Israel has rebuffed attempts to negotiate an end to the Gaza conflict amid signs that it may be moving towards unilaterally declaring a halt to fighting without an agreement that would involve concessions to Hamas.
The decision to spurn fresh talks in Cairo aimed at forging a ceasefire deal came as the Israeli army indicated that its ground operation in the north of Gaza was winding down. Military and political sources said the goal of “neutralising” cross-border tunnels was on the verge of being achieved.
Although heavy fighting continued around the southern towns of Rafah and Khan Younis, Saturday’s developments suggested Israel may have turned its back on a negotiated settlement to the 26-day conflict.
A Palestinian delegation, including Hamas representatives, was expected to arrive in the Egyptian capital on Saturday night for talks aimed at forging another truce. But an Israeli cabinet minister, Yuval Steinitz, said in a television interview that Israel would not be sending a team.
“We are currently not sending any representative to Cairo,” he said, saying Hamas had repeatedly violated ceasefire deals. “That leads us to the conclusion that with this organisation there is no point in speaking about an agreement or a ceasefire because we have tried it too many times.”
In an address on Israeli television on Saturday night, prime minister Binyamin Netanyahu warned Hamas it would pay “an intolerable price” if it continued to fire rockets. He added that, once demolition of the tunnels was complete, “the military will prepare for continuing action in according to our security needs and only according to our security needs”. Officials interpreted that as meaning Israel would adopt an approach of “quiet in return for quiet”.
Meanwhile, the Israel Defence Forces told 70,000 residents of Beit Lahiya that they could return to their homes from 2pm on Saturday, while warning them of possible booby traps laid by Hamas. “The residents are advised to beware of explosive devices Hamas has spread across the area,” the IDF said in a statement. “The army has dealt with tunnels and launching pads and has cleaned the area, apart from booby traps,” a source said.
The IDF indicated it was close to completing its mission to destroy cross-border tunnels dug by militant groups for the purpose of launching attacks inside Israel. It said four tunnels had been destroyed. A source told Haaretz that the mission could be complete within 48 hours and Israeli TV reported some troops being withdrawn from Gaza.
Israel renewed its intensive bombardment of Gaza following Friday’s dramatic breakdown after less than two hours of a ceasefire brokered by the US and the UN. The IDF said that it had hit more than 200 targets in 24 hours of resumed activity, including the Hamas-affiliated Islamic University in Gaza City.
Reports from Rafah, in the south of the Gaza Strip and close to where Israeli soldier Hadar Goldin was thought to have been abducted on Friday, indicated heavy civilian casualties from Israeli bombardment of the area as troops continued to clash with Hamas fighters. Around 100 people were killed and hundreds more were injured after fighting resumed. On Saturday night the death toll of Palestinians exceeded 1,650 and Israel confirmed that it had lost 63 soldiers and three civilians, its highest death toll since the 2006 Lebanon war. Israel’s deputy foreign minister, Tzachi Hanegbi, said his government has evidence that almost half of Palestinians killed were combatants. Gazan human rights groups say at least 80% of the Palestinians killed have been civilians.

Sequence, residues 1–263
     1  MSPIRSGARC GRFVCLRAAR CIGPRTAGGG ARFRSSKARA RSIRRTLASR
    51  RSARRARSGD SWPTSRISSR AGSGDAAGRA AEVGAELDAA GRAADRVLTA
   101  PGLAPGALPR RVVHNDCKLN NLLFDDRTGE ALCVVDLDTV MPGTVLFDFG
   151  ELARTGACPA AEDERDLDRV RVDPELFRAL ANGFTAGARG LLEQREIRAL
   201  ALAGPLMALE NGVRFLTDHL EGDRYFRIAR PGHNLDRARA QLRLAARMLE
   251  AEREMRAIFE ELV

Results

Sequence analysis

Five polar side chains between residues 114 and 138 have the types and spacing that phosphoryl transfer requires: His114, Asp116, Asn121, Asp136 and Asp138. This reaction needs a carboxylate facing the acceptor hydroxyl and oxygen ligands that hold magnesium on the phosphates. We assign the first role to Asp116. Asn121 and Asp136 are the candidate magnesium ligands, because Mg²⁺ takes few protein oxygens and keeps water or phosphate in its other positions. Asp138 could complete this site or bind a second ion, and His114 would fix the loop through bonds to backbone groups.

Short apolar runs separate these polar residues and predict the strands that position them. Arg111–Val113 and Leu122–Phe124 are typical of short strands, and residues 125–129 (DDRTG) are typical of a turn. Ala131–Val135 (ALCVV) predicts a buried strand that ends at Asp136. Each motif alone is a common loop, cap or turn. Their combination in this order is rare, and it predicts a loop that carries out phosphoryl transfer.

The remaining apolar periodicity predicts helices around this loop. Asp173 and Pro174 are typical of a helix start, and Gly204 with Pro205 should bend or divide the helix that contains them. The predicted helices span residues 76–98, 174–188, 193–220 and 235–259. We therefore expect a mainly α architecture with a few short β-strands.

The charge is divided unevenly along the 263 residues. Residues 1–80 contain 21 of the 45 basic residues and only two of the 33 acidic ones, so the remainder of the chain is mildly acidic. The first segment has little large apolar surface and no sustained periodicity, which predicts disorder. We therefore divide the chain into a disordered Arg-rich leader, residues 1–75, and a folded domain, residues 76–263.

Hamas denied it was holding Goldin captive, saying it had lost contact with a unit that carried out an operation in which two soldiers were killed and the 23-year-old Goldin was believed to have been abducted. It said its militants and the Israeli soldier were presumed killed in a subsequent Israeli air strike.
Sami Abu Zuhri, a Hamas official in Gaza City, said: “We in Hamas have no information about any soldiers. We are learning about this from the Israeli media. But this does not mean we regret the policy of kidnapping soldiers who … we want to kidnap to release our prisoners in Israeli jails.”
Meanwhile, a row broke out between David Cameron and Ed Miliband on Saturday night after the Labour leader described the British prime minister’s “silence” on Israel’s incursion into Gaza as inexplicable. Miliband said that Britain must take a “leading role” in pressuring both sides to end the violence, and described Israel’s killing of hundreds of innocent Palestinians as unjustifiable.
He said: “David Cameron should be playing a leading role in these efforts to secure peace. He is right to say that Hamas is an appalling, terrorist organisation. Its wholly unjustified rocket attacks on Israeli citizens, as well as the building of tunnels for terrorist purposes, show the organisation’s murderous intent and practice towards Israel and its citizens.
“But the prime minister is wrong not to have opposed Israel’s incursion into Gaza. And his silence on the killing of hundreds of innocent Palestinian civilians caused by Israel’s military action will be inexplicable to people.
“I am a supporter of Israel and I believe in Israel’s right to self-defence. But its military actions in the past two weeks have been wrong and unjustifiable.”
Downing Street responded with a statement accusing Miliband of “playing politics” over the war. A No 10 spokesman said: “The PM has been clear that both sides in the Gaza conflict need to observe a ceasefire. We are shocked that Ed Miliband would seek to misrepresent that position and play politics with such a serious issue.”